Our minds are often running on overdrive, even if we aren’t aware of it. After reading this paragraph, I’d like you to stop and do a quick exercise. For one minute, close your eyes and just notice the thoughts that are running through your head. What comes up for you? What stories or judgments are present? Don’t feel like you need to do anything with your thoughts—just notice them.
Thinking Happens Automatically
Thinking happens more or less automatically. The ability to think is essential to our lives—we couldn’t plan our day or solve problems without it. However, a lot of times our thinking is not very helpful for us. We might keep replaying something from the past, feeling regret about what we did. Or, we might worry constantly about the future and what might happen.
The most difficult thing about our thoughts isn’t the thoughts themselves. Thinking is inevitable—it’s part of being a human being. The tough thing happens when we fuse with our thoughts. Fusion is a term from Acceptance and Commitment Therapy, and it occurs when we allow our thoughts to control our actions and behaviors. For example, we might experience anxiety about relationships, and this anxiety causes us to stay out of relationships. Or we might feel regret about our past, and this regret causes us to drink heavily to forget the past.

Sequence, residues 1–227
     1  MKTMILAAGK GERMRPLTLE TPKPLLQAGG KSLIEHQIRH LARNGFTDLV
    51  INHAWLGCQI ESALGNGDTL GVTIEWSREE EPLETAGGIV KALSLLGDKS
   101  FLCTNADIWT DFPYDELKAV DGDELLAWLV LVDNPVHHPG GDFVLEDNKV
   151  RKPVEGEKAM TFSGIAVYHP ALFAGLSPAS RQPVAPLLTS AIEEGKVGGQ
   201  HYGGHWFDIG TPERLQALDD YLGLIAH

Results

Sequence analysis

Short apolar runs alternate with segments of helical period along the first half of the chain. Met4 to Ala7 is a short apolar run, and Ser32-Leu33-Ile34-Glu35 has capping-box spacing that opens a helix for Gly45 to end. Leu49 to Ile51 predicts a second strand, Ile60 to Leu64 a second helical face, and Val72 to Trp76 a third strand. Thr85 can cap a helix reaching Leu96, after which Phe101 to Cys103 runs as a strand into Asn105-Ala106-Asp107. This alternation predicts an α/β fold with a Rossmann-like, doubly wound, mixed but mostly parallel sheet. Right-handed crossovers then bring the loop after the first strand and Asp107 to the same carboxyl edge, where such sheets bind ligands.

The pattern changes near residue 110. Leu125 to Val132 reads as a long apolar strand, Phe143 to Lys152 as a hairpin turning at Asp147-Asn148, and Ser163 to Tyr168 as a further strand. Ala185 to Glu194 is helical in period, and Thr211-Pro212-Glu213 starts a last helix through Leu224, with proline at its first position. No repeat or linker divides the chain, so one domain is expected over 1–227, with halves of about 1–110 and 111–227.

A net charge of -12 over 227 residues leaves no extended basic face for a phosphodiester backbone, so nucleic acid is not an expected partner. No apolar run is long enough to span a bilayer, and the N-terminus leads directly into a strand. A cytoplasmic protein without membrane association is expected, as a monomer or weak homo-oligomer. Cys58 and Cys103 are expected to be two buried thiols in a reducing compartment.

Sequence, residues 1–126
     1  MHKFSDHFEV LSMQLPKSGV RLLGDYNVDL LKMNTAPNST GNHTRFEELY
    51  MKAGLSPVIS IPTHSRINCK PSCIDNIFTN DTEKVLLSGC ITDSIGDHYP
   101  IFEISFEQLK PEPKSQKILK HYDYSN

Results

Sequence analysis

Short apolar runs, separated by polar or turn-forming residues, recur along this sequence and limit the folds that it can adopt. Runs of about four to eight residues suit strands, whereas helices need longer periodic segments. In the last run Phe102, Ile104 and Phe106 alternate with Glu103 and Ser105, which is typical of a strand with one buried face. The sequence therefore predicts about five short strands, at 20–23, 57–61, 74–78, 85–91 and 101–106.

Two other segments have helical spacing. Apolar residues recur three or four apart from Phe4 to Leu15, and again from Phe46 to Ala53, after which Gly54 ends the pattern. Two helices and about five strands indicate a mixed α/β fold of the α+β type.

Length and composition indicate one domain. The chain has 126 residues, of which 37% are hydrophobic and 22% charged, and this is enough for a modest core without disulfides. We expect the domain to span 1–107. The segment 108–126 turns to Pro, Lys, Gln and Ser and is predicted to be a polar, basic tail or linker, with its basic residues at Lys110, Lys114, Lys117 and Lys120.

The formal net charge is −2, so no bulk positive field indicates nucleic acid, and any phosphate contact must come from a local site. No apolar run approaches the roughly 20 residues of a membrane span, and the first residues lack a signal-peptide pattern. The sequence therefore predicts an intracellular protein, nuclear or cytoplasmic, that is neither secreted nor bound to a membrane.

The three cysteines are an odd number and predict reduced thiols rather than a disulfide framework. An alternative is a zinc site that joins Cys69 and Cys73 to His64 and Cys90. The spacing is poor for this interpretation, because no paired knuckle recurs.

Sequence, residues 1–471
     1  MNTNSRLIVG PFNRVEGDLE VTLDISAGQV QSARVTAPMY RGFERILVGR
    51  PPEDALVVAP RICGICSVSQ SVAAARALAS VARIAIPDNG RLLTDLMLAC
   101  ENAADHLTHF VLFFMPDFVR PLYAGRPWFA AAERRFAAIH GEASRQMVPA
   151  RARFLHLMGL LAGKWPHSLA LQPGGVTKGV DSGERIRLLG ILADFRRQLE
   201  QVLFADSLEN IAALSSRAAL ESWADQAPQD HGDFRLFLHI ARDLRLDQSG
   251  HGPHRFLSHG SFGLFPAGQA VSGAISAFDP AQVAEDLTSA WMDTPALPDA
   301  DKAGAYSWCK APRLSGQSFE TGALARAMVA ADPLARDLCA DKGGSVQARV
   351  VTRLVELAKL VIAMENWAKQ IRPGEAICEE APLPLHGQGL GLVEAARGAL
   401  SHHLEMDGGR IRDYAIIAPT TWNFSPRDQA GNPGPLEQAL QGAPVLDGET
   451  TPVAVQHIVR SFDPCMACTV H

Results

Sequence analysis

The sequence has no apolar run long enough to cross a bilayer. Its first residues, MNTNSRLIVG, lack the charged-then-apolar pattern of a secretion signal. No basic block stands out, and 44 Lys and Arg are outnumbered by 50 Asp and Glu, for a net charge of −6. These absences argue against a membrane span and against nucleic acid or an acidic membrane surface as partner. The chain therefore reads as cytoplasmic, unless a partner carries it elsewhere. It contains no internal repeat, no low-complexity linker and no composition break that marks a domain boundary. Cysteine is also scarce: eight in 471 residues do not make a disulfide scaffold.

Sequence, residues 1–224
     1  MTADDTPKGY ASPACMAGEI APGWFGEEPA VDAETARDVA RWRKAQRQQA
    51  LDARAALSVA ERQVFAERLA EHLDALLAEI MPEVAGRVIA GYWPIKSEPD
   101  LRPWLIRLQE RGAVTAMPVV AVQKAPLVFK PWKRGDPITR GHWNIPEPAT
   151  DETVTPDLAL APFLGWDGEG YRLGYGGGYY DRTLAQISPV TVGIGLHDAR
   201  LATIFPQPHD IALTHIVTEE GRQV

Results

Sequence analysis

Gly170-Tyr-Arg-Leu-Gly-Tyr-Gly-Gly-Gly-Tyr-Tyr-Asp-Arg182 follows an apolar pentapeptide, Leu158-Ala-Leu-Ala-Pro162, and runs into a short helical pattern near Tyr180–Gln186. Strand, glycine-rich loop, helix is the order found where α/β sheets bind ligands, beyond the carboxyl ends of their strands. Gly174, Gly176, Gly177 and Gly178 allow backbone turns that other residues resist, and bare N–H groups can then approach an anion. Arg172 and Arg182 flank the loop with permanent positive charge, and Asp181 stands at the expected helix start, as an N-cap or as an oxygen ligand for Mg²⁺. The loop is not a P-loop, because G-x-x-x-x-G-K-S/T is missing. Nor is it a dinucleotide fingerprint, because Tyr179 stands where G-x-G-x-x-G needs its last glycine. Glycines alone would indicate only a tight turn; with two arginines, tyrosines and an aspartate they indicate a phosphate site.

The alternative is to defuse from our thoughts. We still have the thoughts—we might still experience anxiety or regret—but we see our thoughts as “just thoughts.” Basically, thoughts are just stories—words or pictures that our mind is making up. Just because we have a thought, it doesn’t mean we have to do something, especially if it isn’t in our best interests.
2 Steps to Notice and Name Our Stories
One helpful way to defuse from our thoughts is to notice and name our stories. By becoming aware of our thoughts, it helps us to take a step back from them, rather than merging with them. Here’s how to do it:
Step 1: Notice
The first step is to notice your thoughts. This is what you did in the exercise at the beginning of this blog post. You deliberately take a step back and observe your thinking. Sometimes this is difficult to do—as we go about our day, we have a tendency to get lost in our thoughts, which promotes fusion. Sometimes it is helpful to do something to remind yourself to notice—maybe set an alarm on your phone to go off occasionally as a reminder, or do something physical as a prompt (e.g., wear a bracelet, or put your wedding ring on a different finger).
Step 2: Name
When you notice a thought, the second step is to name the thought. Feel free to be as creative as you want here. For example, I was waking up this morning and started to worry about Jenn’s health in the future. I noticed the thought and named it: Oh, that’s the “worrying about health” story again. Another time, I noticed myself feeling regret about something I had done in the past: Oh, that’s the “feeling bad about the past” story again.
A few times throughout your day, try to press the pause button and notice what thoughts are happening for you. Then, try to give a name to your story. See if this process enables you to take a step back from your thoughts and not get so caught up in them. Remember, the goal isn’t to get rid of your thoughts or change your thoughts. The goal is to not get so caught up in your thoughts. Thoughts will come and go, but they don’t need to control us.